VATICAN CITY—Harvard Professor Mary Ann Glendon, one of the leading legal scholars in the United States, argued Nov. 27 in Rome that Eleanor Roosevelt was an unwitting advocate of Catholic social teaching during the drafting of the Universal Declaration of Human Rights in the 1940s.
The address was delivered at the Domus Guadalupe, a residence for American women religious studying in Rome. As such, it was an evening celebrating, in a certain sense, American women, with the United States' most prominent Catholic lay-woman addressing American sisters on an American first lady.
“Most people would not connect Eleanor Roosevelt with anything Catholic,” Glendon said in a lively address that included the professor's impression of Mrs. Roosevelt's speaking voice.
Yet despite the cultural anti-Catholicism of her upbringing, Glendon said, there was a “felicitous convergence between the principles of the New Deal—the philosophy of FDR and Eleanor Roosevelt—and the papal teaching as found in documents such as Rerum Novarum and Quadragesimo Anno.”
Rerum Novarum was the 1891 encyclical of Pope Leo XIII, which began the modern tradition of Catholic social teaching, and Quadragesimo Anno was Pope Pius IX's treatment of the question in 1931.
Glendon said her talk could be thought of as “outtakes” from her 2001 book, A World Made New:
Eleanor Roosevelt and the Universal Declaration of Human Rights.
Mrs. Roosevelt, as the United States' delegate to the newly formed United Nations, was elected chairman of the committee responsible for drafting the Universal Declaration of Human Rights, which was approved in 1948 and had become “a polestar of the post-WWII human rights movement.”
The Universal Declaration of Human Rights has much in common with Anglo-American tradition and includes many of the protections found in such documents as the Bill of Rights. Yet it also includes a richer treatment of the dignity of the human person, economic and social rights, and the duties that correspond to rights.
“Dignity is the [interpretative] key of the UDHR,” Glendon said, noting that many of the passages on the dignity of the person in the declaration are standard phrases in Catholic social teaching.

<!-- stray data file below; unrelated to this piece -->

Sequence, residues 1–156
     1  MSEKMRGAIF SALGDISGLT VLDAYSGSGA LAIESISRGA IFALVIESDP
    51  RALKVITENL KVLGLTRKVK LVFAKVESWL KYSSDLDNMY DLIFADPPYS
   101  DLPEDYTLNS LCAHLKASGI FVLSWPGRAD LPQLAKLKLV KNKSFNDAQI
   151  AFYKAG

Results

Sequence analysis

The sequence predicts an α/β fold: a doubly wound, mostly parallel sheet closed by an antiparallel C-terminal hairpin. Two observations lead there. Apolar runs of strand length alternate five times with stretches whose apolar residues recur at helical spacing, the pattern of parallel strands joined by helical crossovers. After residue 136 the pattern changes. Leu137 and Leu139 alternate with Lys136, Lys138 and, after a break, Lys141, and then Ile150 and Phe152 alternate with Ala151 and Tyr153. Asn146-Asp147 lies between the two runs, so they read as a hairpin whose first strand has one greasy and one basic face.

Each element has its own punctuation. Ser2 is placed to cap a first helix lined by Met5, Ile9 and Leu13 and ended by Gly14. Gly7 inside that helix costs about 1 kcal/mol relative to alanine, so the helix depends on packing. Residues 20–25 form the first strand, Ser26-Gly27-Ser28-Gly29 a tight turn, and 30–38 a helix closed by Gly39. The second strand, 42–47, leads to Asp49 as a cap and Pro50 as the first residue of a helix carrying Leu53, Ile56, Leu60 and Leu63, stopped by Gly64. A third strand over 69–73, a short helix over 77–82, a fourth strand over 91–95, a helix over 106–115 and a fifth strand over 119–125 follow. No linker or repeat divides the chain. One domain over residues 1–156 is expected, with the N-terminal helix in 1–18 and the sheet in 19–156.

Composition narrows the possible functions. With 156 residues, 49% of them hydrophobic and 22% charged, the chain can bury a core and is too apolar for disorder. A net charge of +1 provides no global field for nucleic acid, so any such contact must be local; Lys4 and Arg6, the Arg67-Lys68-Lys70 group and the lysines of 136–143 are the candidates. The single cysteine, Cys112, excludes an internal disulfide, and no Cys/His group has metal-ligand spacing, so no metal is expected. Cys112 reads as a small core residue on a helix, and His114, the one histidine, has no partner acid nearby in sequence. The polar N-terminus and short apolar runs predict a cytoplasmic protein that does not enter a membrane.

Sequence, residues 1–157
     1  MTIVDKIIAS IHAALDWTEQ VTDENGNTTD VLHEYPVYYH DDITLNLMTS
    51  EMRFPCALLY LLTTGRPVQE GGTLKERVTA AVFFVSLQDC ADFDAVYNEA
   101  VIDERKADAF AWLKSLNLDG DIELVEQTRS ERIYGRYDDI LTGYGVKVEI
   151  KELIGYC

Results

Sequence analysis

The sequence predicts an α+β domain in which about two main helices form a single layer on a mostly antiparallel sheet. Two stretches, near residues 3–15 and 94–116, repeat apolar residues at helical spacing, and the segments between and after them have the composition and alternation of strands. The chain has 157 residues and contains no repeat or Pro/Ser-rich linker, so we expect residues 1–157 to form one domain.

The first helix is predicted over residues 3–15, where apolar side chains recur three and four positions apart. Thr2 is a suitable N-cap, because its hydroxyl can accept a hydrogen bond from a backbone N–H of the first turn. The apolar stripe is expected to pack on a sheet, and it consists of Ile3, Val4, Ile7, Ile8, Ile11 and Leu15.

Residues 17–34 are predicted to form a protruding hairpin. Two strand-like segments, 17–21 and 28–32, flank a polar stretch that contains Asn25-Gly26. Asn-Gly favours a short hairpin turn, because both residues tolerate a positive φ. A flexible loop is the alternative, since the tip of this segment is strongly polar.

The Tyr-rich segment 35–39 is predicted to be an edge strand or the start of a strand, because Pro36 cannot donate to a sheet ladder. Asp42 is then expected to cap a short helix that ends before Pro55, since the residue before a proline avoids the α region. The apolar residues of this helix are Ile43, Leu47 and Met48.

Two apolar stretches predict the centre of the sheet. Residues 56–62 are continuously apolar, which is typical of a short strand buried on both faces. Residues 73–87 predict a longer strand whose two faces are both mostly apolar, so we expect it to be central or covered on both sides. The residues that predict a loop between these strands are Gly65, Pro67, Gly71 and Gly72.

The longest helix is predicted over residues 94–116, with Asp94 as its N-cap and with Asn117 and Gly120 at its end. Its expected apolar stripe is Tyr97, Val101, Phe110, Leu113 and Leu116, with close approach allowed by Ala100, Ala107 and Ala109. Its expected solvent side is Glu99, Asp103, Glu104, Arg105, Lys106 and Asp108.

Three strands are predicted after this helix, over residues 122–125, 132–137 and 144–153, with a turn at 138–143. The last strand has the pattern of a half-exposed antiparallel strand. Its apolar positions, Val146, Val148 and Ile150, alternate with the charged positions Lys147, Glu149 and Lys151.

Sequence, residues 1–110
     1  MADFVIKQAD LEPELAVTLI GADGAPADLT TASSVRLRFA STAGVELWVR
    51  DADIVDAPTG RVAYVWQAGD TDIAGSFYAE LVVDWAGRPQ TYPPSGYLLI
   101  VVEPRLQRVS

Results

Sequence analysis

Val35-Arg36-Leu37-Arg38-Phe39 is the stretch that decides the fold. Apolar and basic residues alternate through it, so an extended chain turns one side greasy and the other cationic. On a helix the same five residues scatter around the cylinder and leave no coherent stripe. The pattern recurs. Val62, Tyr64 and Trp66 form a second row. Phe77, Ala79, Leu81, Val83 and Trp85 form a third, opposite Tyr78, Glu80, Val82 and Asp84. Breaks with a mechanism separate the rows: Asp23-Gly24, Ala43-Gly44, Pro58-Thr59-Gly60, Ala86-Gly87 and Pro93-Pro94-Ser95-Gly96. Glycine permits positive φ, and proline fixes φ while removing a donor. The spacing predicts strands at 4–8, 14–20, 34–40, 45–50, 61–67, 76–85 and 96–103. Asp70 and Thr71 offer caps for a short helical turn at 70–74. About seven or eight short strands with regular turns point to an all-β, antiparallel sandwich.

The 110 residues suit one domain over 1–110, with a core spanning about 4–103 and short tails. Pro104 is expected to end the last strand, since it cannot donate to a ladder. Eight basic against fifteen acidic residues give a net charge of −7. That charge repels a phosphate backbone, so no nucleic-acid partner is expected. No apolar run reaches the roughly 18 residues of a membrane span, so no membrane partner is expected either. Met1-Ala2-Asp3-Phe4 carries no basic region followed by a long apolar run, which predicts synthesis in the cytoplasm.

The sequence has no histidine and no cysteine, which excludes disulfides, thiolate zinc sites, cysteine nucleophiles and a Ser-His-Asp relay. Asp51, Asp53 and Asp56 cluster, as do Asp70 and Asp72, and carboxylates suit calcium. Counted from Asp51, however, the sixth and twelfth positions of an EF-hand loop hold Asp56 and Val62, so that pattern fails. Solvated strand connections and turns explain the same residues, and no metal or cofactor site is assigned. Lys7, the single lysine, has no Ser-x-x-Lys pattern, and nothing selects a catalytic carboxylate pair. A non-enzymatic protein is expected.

According to her research, the key figure was human rights committee member Charles Malik, an Orthodox Christian from Lebanon. Malik began the committee's work by asking fundamental questions.
“One could imagine John Paul II saying the same things,” Glendon said. “Does man exist for the state, or does the state exist for man?”
In talking to Malik's surviving son, Glendon inquired as to the roots of Malik's philosophy. She discovered that not only did he teach St. Thomas Aquinas as a philosophy professor but also that he kept on his desk heavily annotated copies of Rerum Novarum and Quadragesimo Anno.
Another key player in the drafting, Frenchman Rene Cassin, wrote in his diaries that he was helped in 1948 by the “nuncio in Paris.” The nuncio at the time was Archbishop Angelo Roncalli, who later as Pope John XXIII made robust use of human rights language in his own encyclicals.
“Eleanor Roosevelt's role at the human rights commission was the same as George Washington's at the Constitutional Convention,” Glen-don argued. “Washington didn't write a line, but there would not have been a constitution without him. We can celebrate that no matter what Eleanor Roosevelt thought of us Catholics and our Church—and she opposed the campaign of John F. Kennedy because he was Catholic—she did not reject the wisdom of our tradition.”
The Domus Guadalupe, established in 1998, is an initiative of the Council of Major Superiors of Women Religious, an umbrella group for religious congregations committed to traditional religious life. The congregations that belong to the council—which include the well-known “Nashville Dominicans” and the Religious Sisters of Mercy from Alma, Mich.—have a growing number of vocations, hence the need for a house of studies.
The Glendon lecture was the first in a planned series intended to ensure that the sister-students do not become too focused on their particular specialties and lose a sense of the broader picture of the Church.
Father Raymond J. de Souza
writes from Rome.